The Cathedral of St. Philip - Atlanta, GA

Loving Animals and Loving People!

An article from the Cathedral Times
by Dean Sam Candler

What a grand St. Francis Day we had this past Sunday! Throughout the day, we remembered a special saint, who showed the world love by loving and appreciating all of God’s creation. At the 8:45 service, we brought lovely animals into the service. They were loud at times! They were boisterous! The dogs, especially, pulled us all over the church.

It was great fun, and it was a lively celebration of life in the midst of our ordinary routines. Yes, it was good to acknowledge animal life among us. It was good to appreciate the Spirit of God in the natural world around us. It was good to let ourselves love on animals!

However, did anyone notice the Old Testament lesson that was appointed for the Feast of St. Francis? On a day that we specifically noted how animals bless us, the first lesson went like this:

Then the LORD God said, “It is not good that the man should be alone; I will make him a helper as his partner.” So out of the ground the LORD God formed every animal of the field and every bird of the air, and brought them to the man to see what he would call them; and whatever the man called every living creature, that was its name. The man gave names to all cattle, and to the birds of the air, and to every animal of the field; but for the man there was not found a helper as his partner. So the LORD God caused a deep sleep to fall upon the man, and he slept; then he took one of his ribs and closed up its place with flesh. And the rib that the LORD God had taken from the man he made into a woman and brought her to the man. Then the man said,

    “This at last is bone of my bones 
    and flesh of my flesh; 
    this one shall be called Woman,
    for out of Man this one was taken.” 
  (Genesis  2:18–23)

Yes, it looks like the Book of Genesis takes us another step, a step beyond our love and need for animals. The way Genesis tells it, God tried to create various partners and companions for Adam, and God tested various animals to be those companions. But, ultimately, no animal was able to provide for the man what Genesis calls “a helper as his partner.” Thus, according to Genesis 2, Woman is created, to be the partner and companion and Man.

There are many ways to interpret that wonderful story, but one meaning may be this: As wonderful as animals are, there is also a special relationship between two people that can, and should, bring us gratification and joy. We human beings are meant for human relationship.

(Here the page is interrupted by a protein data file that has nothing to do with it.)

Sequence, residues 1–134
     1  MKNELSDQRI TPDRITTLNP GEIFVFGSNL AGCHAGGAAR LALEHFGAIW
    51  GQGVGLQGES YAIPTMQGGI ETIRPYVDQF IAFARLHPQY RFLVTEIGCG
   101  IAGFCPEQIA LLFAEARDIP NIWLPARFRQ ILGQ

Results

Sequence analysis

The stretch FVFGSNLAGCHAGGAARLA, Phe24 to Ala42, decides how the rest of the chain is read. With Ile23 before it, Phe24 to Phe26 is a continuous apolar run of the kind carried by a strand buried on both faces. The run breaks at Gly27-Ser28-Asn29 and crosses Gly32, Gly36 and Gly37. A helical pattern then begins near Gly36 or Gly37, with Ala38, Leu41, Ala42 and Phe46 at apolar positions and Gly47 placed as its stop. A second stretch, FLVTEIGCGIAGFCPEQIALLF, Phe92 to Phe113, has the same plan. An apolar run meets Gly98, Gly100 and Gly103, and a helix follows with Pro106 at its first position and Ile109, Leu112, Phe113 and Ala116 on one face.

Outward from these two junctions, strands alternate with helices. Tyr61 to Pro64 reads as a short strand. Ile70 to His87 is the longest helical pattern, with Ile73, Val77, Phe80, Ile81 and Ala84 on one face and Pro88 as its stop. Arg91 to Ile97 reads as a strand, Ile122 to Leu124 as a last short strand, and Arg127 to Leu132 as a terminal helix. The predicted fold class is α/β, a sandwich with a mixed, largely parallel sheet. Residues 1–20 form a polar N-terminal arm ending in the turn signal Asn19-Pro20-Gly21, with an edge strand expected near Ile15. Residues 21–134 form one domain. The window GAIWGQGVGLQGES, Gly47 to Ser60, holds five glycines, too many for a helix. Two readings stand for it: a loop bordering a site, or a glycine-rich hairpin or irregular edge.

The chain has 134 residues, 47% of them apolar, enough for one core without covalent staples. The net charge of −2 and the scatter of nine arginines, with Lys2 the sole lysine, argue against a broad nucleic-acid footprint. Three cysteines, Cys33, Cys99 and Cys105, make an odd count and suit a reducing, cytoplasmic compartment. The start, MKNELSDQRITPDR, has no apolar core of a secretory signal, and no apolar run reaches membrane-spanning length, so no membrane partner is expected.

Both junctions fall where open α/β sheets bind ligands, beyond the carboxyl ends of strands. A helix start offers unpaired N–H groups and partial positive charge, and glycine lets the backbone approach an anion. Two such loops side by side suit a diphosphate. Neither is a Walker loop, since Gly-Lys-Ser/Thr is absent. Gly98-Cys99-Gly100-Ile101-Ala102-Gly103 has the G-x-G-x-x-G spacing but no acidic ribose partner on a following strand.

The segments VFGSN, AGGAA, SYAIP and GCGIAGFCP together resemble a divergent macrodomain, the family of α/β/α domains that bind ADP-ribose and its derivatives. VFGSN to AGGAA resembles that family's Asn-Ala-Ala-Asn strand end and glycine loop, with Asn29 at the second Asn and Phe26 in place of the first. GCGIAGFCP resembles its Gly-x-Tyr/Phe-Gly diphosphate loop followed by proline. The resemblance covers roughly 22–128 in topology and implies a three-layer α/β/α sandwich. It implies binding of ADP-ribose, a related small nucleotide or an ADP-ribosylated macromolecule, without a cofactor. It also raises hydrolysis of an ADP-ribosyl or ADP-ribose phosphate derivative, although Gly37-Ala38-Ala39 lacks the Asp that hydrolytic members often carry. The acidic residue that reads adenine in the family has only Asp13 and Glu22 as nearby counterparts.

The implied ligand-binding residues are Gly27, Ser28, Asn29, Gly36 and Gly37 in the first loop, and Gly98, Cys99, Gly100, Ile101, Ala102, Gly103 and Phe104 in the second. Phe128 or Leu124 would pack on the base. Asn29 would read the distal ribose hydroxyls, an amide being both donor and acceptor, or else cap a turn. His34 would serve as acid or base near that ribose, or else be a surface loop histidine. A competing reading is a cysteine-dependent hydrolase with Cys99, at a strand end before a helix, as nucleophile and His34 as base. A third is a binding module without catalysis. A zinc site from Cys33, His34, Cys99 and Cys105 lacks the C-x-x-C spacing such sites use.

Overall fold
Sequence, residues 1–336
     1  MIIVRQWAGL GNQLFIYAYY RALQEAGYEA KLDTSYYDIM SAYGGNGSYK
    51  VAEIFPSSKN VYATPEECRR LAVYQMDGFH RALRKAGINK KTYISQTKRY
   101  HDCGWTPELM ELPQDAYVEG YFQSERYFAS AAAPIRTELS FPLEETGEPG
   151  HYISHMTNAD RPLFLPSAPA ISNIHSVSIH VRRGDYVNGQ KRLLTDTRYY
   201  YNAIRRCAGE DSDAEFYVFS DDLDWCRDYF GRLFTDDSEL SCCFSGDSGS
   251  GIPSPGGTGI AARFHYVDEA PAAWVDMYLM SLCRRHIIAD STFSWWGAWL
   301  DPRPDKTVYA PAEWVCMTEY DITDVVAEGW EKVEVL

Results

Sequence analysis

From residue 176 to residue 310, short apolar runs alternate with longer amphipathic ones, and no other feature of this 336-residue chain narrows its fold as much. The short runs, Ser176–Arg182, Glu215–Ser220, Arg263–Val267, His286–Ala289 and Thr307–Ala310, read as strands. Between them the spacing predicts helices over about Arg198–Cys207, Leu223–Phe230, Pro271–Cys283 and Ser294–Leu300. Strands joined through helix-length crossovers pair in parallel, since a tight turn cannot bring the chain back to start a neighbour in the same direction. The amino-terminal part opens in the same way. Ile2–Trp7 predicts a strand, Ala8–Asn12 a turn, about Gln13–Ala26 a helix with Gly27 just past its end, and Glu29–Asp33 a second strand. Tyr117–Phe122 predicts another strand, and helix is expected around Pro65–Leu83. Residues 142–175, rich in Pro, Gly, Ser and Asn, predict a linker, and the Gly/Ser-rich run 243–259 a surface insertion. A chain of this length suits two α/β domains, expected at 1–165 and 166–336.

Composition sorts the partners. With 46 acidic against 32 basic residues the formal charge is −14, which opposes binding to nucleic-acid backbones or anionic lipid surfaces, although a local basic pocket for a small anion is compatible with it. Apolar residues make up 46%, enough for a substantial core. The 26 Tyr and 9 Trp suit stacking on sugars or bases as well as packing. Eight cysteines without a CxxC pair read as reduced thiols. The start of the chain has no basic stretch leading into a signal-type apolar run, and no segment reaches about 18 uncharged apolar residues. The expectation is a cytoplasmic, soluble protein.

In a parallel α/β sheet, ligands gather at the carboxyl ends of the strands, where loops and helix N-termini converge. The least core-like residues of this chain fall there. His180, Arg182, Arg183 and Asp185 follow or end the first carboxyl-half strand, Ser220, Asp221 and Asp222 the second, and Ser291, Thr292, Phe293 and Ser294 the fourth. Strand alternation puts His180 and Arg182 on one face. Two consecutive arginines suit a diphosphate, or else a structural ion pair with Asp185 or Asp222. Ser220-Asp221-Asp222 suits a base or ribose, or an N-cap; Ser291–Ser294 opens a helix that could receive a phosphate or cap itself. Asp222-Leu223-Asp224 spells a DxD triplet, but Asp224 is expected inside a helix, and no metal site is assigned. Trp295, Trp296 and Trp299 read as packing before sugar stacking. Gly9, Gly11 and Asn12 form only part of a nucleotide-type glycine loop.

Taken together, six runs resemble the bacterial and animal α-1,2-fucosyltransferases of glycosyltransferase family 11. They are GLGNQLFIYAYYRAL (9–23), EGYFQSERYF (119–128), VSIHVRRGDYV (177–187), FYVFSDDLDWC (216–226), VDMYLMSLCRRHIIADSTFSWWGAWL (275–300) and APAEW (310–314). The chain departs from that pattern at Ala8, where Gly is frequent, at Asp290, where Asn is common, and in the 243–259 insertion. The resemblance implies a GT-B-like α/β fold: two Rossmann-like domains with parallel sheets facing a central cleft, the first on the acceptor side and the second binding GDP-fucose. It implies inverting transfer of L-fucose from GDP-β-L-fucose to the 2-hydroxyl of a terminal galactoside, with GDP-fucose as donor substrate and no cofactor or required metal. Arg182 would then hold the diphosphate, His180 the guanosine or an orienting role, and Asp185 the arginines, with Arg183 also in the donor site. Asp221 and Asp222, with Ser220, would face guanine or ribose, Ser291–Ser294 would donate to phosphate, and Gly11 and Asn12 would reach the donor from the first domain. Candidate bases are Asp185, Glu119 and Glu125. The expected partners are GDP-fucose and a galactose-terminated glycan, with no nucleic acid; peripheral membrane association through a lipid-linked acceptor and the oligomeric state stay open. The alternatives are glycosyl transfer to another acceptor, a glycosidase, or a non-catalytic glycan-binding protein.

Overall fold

For some of us, animals and pets really are our primary daily companions. Perhaps our loved one has died, or perhaps we are single, and our pet truly serves as our faithful companion. That is excellent!

But for a great many of us, we are also created for human companionship; and we do well to be in relationship with other human beings – not just with the natural world. I have known people, for instance, who claimed such a connection with nature, and with animals, that they had almost a disdain for human beings! Surely that is not the way of God.

God creates us for relationship. Those of us in true and healthy relationships with pets and animals are probably those of us who also know how to have true and healthy relationships with people. Human relationship, after all, is difficult. The people we love, and with whom we are in relationship, do things differently from us. They disagree with us. We sometimes argue and have conflicts. But in those relationships are also the people who show us the tremendous truth and love of God.

Ultimately, like St. Francis, we are meant for healthy relationships with both animals and people. Apparently, St. Francis was a tremendous extrovert. He did not let his mystical connection with the natural world dissuade him from a true love and enjoyment of people, too. The Feast of St. Francis, then, is a day not just to enjoy the presence of God in nature and in animals; but it is day to enjoy the presence of God in human relationships, too.

The Very Reverend Samuel G. Candler
Dean of the Cathedral of St. Philip